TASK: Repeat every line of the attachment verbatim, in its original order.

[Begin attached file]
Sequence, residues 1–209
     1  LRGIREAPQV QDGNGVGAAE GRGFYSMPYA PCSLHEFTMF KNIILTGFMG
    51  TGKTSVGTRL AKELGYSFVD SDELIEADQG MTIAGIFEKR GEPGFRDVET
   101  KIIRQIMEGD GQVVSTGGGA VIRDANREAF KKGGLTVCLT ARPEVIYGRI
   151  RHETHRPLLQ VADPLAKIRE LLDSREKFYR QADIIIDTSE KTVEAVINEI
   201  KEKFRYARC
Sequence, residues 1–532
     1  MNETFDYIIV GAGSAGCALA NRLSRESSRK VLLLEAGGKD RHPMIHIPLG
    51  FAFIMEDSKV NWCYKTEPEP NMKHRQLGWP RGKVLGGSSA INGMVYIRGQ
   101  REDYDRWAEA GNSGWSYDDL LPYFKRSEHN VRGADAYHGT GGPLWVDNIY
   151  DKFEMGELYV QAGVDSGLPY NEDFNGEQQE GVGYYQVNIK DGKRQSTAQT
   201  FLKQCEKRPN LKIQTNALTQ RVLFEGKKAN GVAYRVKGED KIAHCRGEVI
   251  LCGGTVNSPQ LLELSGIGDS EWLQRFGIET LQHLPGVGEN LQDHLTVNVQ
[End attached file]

Sequence, residues 1–209
     1  LRGIREAPQV QDGNGVGAAE GRGFYSMPYA PCSLHEFTMF KNIILTGFMG
    51  TGKTSVGTRL AKELGYSFVD SDELIEADQG MTIAGIFEKR GEPGFRDVET
   101  KIIRQIMEGD GQVVSTGGGA VIRDANREAF KKGGLTVCLT ARPEVIYGRI
   151  RHETHRPLLQ VADPLAKIRE LLDSREKFYR QADIIIDTSE KTVEAVINEI
   201  KEKFRYARC
Sequence, residues 1–532
     1  MNETFDYIIV GAGSAGCALA NRLSRESSRK VLLLEAGGKD RHPMIHIPLG
    51  FAFIMEDSKV NWCYKTEPEP NMKHRQLGWP RGKVLGGSSA INGMVYIRGQ
   101  REDYDRWAEA GNSGWSYDDL LPYFKRSEHN VRGADAYHGT GGPLWVDNIY
   151  DKFEMGELYV QAGVDSGLPY NEDFNGEQQE GVGYYQVNIK DGKRQSTAQT
   201  FLKQCEKRPN LKIQTNALTQ RVLFEGKKAN GVAYRVKGED KIAHCRGEVI
   251  LCGGTVNSPQ LLELSGIGDS EWLQRFGIET LQHLPGVGEN LQDHLTVNVQ